East Africa Told to Brace for El Niño Wrath
East African nations have been warned to prepare for three months of intense El Niño rain.
Local and international meteorologists are predicting torrential rains from September to December across the region, although downpours could extend to February next year in some parts of the greater Horn of Africa.
Which means governments are being urged to take preventative measures to minimise the potential damage caused by the phenomenon – predicted to be the strongest of its kind since records began.
El Niño returns to East Africa
El Niño events occur every 2-7 years when warmer sea temperatures cause unprecedented weather and ecological effects around the world. The last major global event was in 1997-8 but Uganda suffered severe floods as recently as 2006 due to El Niño rains.
The effects of El Niño vary across the world but for East Africa they typically include torrential rains and strong winds. The risk of floods is very real and the damage from El Niño in 1997 also lead to cholera and malaria outbreaks and severe infrastructural damage.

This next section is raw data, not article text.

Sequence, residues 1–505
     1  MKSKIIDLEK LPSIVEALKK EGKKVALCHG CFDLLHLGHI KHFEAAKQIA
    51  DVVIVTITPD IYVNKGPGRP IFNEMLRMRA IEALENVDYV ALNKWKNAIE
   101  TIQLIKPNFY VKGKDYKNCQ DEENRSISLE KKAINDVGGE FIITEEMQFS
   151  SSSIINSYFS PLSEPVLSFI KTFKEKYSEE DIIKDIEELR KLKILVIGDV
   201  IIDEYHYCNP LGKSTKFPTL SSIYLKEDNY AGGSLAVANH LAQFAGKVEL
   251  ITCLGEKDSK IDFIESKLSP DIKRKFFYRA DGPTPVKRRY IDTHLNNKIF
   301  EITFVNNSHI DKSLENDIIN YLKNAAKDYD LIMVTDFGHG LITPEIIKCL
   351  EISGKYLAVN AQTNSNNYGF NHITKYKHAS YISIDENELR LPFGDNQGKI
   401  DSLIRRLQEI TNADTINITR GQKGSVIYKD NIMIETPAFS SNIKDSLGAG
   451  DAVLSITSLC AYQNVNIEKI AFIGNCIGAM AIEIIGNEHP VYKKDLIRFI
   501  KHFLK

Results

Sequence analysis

Protecting the region’s progress
East African nations have developed a great deal since then, but even the most developed countries in the region could face economic, agricultural and health crises from severe El Niño weather – and governments are being urged to take preventative action to ensure none of the progress countries have made over the last two decades is undone.
“Scientific models show the region will experience El Niño rains; hence governments need to put in place mitigation measures to minimise the damage caused by the heavy rains,” Kenya’s Director of Meteorological Services, Peter Ambenje, is quoted as saying.
“The heavy rains will definitely cause destruction of infrastructure, hence East African countries will have to set money aside for rehabilitation and repair once the rainy season ends.”
Kenya, Uganda, South Sudan and the southern parts of Somalia and Ethiopia are expected to receive ‘above normal’ levels of rainfall over the next three months.
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